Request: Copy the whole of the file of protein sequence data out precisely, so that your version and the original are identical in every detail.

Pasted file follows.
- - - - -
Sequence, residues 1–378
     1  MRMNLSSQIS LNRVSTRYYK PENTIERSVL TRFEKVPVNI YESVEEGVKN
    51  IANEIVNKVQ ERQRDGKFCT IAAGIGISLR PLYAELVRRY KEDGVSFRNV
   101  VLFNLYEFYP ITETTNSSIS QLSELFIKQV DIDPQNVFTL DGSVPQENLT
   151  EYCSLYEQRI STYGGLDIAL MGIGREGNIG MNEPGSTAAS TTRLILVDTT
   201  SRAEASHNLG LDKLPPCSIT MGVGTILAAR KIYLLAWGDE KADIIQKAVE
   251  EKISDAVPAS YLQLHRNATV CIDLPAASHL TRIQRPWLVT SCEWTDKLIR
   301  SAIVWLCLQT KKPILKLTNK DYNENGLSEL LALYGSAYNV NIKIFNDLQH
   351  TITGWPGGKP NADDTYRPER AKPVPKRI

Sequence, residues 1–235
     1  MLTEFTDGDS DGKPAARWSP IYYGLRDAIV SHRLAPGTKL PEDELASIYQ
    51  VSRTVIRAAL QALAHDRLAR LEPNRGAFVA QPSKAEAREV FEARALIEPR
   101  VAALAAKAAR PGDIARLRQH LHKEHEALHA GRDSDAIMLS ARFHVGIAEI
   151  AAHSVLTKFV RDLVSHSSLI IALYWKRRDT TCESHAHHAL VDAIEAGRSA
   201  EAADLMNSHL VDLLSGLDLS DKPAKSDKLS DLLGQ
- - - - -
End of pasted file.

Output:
Sequence, residues 1–378
     1  MRMNLSSQIS LNRVSTRYYK PENTIERSVL TRFEKVPVNI YESVEEGVKN
    51  IANEIVNKVQ ERQRDGKFCT IAAGIGISLR PLYAELVRRY KEDGVSFRNV
   101  VLFNLYEFYP ITETTNSSIS QLSELFIKQV DIDPQNVFTL DGSVPQENLT
   151  EYCSLYEQRI STYGGLDIAL MGIGREGNIG MNEPGSTAAS TTRLILVDTT
   201  SRAEASHNLG LDKLPPCSIT MGVGTILAAR KIYLLAWGDE KADIIQKAVE
   251  EKISDAVPAS YLQLHRNATV CIDLPAASHL TRIQRPWLVT SCEWTDKLIR
   301  SAIVWLCLQT KKPILKLTNK DYNENGLSEL LALYGSAYNV NIKIFNDLQH
   351  TITGWPGGKP NADDTYRPER AKPVPKRI

Sequence, residues 1–235
     1  MLTEFTDGDS DGKPAARWSP IYYGLRDAIV SHRLAPGTKL PEDELASIYQ
    51  VSRTVIRAAL QALAHDRLAR LEPNRGAFVA QPSKAEAREV FEARALIEPR
   101  VAALAAKAAR PGDIARLRQH LHKEHEALHA GRDSDAIMLS ARFHVGIAEI
   151  AAHSVLTKFV RDLVSHSSLI IALYWKRRDT TCESHAHHAL VDAIEAGRSA
   201  EAADLMNSHL VDLLSGLDLS DKPAKSDKLS DLLGQ